Thai TESOL is a great organisation that work relentlessly to raise the standards of English language teaching across Thailand. This weekend they are holding their annual conference in Chiang Mai and earlier today they held the Thai TESOL Pre-conference which was primarily attended by educators from Northern Thailand. There were two distinguished speakers at today’s event and in this blog I hope to summarize their presentations.
Prof. Dr Paul Kei Matsuda from Arizona State University
‘A Writing Workshop for Teachers’
I was particularly looking forward to this workshop because of one difficulty i regularly encounter with my Mathayom students. The students I teach possess a wide range of vocabulary, they have good grammar skills and they are imaginative. But the problem I encounter is that when I set a writing assignment the students forget all this and end up writing wonderful stories which, unfortunately, are littered with basic spelling and grammar mistakes.
So would Dr Paul’s presentation be able to help?
Well the good news is ‘yes’….. He explained that writing assignments were best approached as a project with various stages. The stages he listed were;
By breaking the assignment down into these stages the students have more opportunity to process – changing and improving the assignment overtime, which leads to a more complete final piece.
Another important point he made about these stages was the importance of peer feedback. Of course students will benefit from receiving constructive feedback but Dr Paul also referred to research that explained how students develop critical thinking skills through giving feedback to their peers. By doing this on a regular basis the students’ own writing will develop as they become able to apply these skills to their own work.
There were two other important points I took away from this workshop that made me feel better about my ‘problem’. Firstly, Dr Paul made the point that it is completely natural for students to make grammatical mistakes. When we encounter these in speaking activities we understand it as part of the process, however when we see these errors in a written assignment teachers often see it a more dire mistake.
Linked to this point was another observation – teachers should focus on the overall effectiveness of the students’ written piece rather than focusing on grammar and spelling mistakes. Does the student meet the objectives of the assignment?
Of course getting grammar and spelling right is important but of far greater importance is that the student’s writing fulfills its purpose.
Finally, Dr Paul made one statement which I thought was really important and something that teachers often lose sight of during the day to day teaching of English at school – ‘The goal of English writing instruction produces good writers, not just good writing’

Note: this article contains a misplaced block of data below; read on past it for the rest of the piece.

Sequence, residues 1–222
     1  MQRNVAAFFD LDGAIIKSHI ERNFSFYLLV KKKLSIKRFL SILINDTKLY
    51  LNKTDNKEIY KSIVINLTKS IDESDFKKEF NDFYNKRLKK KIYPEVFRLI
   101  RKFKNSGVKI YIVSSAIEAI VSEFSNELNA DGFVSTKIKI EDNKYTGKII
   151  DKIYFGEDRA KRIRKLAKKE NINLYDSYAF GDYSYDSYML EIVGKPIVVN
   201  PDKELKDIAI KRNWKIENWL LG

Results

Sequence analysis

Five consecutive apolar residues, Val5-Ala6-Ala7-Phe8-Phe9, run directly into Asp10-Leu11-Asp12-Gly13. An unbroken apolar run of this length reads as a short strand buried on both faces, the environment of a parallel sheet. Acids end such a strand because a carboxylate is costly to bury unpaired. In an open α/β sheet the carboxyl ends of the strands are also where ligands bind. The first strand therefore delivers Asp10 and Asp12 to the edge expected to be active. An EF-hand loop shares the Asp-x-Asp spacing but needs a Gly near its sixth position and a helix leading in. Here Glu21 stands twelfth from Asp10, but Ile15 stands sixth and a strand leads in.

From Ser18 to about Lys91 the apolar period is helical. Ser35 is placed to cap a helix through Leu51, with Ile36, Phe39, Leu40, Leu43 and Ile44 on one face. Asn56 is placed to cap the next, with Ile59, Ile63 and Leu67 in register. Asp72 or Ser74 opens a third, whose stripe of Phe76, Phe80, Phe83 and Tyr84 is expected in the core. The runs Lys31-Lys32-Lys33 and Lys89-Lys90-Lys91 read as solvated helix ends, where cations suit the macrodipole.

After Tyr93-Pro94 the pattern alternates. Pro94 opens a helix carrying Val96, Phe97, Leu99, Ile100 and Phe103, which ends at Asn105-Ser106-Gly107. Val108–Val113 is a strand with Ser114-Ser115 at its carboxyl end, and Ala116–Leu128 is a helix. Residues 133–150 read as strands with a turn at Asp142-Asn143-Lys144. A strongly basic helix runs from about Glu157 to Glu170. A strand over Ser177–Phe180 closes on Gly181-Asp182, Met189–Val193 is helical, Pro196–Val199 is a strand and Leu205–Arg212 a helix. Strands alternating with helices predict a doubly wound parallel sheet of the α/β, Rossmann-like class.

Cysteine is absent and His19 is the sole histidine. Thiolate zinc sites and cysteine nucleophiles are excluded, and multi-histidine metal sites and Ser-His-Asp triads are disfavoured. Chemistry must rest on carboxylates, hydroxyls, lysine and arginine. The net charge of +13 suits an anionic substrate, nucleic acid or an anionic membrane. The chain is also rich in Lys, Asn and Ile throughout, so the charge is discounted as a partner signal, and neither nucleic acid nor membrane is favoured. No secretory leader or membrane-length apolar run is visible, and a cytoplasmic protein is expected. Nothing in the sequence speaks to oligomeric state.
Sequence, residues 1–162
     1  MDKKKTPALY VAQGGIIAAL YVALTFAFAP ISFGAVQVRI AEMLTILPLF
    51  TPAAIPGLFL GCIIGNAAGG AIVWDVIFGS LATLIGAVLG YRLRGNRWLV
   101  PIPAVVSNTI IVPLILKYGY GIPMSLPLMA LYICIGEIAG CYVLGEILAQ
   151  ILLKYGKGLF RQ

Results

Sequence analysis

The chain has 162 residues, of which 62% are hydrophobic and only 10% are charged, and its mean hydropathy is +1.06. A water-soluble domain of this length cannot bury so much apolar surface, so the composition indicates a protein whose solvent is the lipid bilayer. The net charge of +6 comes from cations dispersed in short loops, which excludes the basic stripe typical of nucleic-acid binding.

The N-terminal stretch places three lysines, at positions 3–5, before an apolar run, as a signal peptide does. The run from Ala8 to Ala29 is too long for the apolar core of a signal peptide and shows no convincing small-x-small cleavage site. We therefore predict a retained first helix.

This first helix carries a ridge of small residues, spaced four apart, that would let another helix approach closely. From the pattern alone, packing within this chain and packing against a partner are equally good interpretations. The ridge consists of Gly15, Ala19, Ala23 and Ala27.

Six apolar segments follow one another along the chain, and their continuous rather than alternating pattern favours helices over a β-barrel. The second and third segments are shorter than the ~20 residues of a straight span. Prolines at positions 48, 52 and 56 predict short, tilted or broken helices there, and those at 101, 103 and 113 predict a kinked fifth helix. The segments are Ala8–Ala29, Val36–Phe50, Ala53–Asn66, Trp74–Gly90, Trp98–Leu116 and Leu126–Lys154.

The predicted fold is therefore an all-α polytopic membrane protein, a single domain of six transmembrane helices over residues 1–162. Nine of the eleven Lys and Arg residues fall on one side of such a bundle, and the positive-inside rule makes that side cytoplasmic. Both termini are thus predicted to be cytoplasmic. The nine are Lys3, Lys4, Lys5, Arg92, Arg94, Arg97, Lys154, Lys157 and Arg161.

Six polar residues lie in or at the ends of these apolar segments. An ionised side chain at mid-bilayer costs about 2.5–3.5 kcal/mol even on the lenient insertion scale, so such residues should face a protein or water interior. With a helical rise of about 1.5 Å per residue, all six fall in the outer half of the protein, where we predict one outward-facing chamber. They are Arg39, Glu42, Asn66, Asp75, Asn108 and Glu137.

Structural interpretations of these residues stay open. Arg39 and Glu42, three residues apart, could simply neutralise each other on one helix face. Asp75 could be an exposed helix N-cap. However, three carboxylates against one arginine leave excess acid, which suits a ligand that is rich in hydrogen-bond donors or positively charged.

Prof. Dr Russell Gordon Cross from Melbourne Graduate School of Education
‘ Learning from content and language integration: Using ‘native’ texts in foreign language learning’
I was also very interested to hear from Dr Russell who would be focusing on CLIL because there has been much discussion about CLIL over the past decade and I have come across conflicting views about what is and what isn’t CLIL.
Thankfully Dr Russell’s workshop was able to clarify these points. He also explained the benefits of CLIL and through a group work activity he introduced ways to use CLIL in the classroom.
So what is CLIL?
Well it stands for Content and Language Integrated Learning. A concise definition is given below,
Research has shown that language is best learnt when used in context. By using English as the medium of instruction to teach Science the students will learn through the language – language acquisition.
This is of particular interest for educators in Thailand because bilingual education and Thailand’s English Programmes rely on this CLIL methodology. Anyone who has worked in a Thai school with a well organized English Programme will have seen the benefits of CLIL as the students gain acquisition of the language in a way you don’t usually encounter in a regular EFL/ESL classroom.
Hopefully, the successes these schools have had with the CLIL approach to language acquisition will encourage more schools to adopt this approach.
Finally, Dr Russell also recommended one website with a lot of CLIL recourses;
Finally, I would like to thank Dr Paul, Dr Russell and the Thai TESOL Team and Chiang Mai Rajabhat University for organizing an excellent pre-conference.
The main conference takes place on Friday 17th and Saturday 18th January at Empress hotel, Chiang Mai.
More information about Thai TESOL and this year’s conference can be found online